A BAIRNSDALE family has stopped the coroner from performing an autopsy on their child who died when she got tangled in her skipping rope.Sarah Traynor was found hanging from the rope tangled on a backyard swing set at her Bairnsdale home on November 21.
The family successfully applied to the Victorian Supreme Court to stop the coroner from performing a post-mortem examination on her body.
Justice John Digby today found the protection of the family against further anguish outweighed an autopsy in the public's interest in the unexplained death.
He said all the evidence pointed to a "tragic accident" and said the coroner had failed to provide adequate reasons for an autopsy being performed.
"The court is not persuaded that it is likely . . . useful information will be obtained by an autopsy on the deceased," Justice Digby said.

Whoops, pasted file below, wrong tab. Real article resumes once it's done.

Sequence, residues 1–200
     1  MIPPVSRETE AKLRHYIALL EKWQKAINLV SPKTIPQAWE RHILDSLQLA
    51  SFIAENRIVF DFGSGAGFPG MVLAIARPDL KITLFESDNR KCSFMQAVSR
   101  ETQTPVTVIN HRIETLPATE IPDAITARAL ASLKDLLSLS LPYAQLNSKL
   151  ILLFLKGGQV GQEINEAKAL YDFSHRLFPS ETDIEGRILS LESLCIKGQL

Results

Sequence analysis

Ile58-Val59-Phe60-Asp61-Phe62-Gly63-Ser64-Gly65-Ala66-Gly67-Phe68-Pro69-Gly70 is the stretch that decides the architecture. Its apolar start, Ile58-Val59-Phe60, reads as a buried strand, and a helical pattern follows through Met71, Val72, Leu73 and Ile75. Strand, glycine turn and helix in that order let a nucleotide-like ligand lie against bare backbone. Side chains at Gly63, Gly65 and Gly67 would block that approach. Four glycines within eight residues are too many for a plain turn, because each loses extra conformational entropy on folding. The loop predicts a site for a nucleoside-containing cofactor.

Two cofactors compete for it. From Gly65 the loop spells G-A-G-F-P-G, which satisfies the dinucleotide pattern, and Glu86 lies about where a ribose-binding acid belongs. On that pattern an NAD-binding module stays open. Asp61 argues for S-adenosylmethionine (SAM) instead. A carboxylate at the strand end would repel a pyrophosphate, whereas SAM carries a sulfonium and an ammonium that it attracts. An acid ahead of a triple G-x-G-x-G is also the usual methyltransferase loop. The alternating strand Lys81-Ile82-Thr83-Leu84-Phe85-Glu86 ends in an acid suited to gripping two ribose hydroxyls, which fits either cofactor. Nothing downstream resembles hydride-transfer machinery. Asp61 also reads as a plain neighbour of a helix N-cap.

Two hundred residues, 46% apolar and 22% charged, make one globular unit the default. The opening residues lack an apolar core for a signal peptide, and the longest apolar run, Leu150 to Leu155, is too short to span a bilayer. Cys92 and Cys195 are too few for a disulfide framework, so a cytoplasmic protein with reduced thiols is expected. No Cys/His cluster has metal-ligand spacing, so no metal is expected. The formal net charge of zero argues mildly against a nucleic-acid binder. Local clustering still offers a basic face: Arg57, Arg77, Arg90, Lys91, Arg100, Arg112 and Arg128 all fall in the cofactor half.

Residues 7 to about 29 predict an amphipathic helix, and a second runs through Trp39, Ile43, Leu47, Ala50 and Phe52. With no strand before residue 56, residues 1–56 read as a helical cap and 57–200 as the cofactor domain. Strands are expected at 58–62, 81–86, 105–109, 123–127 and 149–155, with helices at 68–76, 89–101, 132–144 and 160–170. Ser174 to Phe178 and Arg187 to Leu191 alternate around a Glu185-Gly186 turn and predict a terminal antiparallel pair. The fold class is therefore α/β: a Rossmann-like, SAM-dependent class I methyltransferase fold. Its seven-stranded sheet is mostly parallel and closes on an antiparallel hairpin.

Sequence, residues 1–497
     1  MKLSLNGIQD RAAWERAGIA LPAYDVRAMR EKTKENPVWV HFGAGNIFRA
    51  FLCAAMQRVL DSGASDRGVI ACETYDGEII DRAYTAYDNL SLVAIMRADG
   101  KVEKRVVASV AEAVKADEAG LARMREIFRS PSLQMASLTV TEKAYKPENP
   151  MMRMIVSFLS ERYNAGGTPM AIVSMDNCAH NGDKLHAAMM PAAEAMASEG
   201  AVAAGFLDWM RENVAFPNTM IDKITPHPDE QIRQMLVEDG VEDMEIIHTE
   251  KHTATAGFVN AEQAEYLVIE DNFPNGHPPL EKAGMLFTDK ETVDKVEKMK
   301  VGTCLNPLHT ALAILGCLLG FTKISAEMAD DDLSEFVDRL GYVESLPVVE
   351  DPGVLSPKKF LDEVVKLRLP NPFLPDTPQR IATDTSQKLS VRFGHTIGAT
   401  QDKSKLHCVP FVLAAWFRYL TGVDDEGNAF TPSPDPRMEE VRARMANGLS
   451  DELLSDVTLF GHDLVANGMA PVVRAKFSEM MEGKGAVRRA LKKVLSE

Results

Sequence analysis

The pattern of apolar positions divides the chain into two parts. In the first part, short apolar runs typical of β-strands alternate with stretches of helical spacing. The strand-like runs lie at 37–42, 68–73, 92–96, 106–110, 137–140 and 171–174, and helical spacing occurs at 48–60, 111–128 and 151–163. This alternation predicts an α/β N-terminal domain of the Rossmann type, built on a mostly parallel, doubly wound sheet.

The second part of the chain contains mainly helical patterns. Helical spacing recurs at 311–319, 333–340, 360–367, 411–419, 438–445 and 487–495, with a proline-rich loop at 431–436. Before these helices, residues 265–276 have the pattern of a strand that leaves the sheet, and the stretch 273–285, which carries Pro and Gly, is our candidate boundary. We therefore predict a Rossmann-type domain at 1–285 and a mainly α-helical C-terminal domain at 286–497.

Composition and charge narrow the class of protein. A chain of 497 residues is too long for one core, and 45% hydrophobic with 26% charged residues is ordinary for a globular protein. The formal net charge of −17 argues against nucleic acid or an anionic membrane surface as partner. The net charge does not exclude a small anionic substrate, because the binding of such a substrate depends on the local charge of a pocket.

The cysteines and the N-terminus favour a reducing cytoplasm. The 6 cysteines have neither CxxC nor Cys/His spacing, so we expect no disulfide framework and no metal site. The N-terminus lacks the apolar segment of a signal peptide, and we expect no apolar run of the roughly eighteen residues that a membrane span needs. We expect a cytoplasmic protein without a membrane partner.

"All the evidence is to the effect this young child died of a tragic accident."
Justice Digby said Sarah's mother "just wants her daughter's body so she can bury her".
He also noted a police report and CT scan showed no evidence of suspicious circumstances surrounding the death.
The family's barrister Ian Freckelton, SC, on Friday told the court a post-mortem would subject Sarah's family to further heartache.
"To undertake an intrusive dissection of seven-year-old Sarah, you know is going to cause considerable distress to her parents," he said.
But Fiona Ellis, for coroner Heather Spooner, had argued more details were necessary on the unwitnessed death in "extremely unusual circumstances".
A forensic pathologist who examined Sarah's body the day after the accident had been unable to find a reasonable medical cause of death, Ms Ellis said on Friday.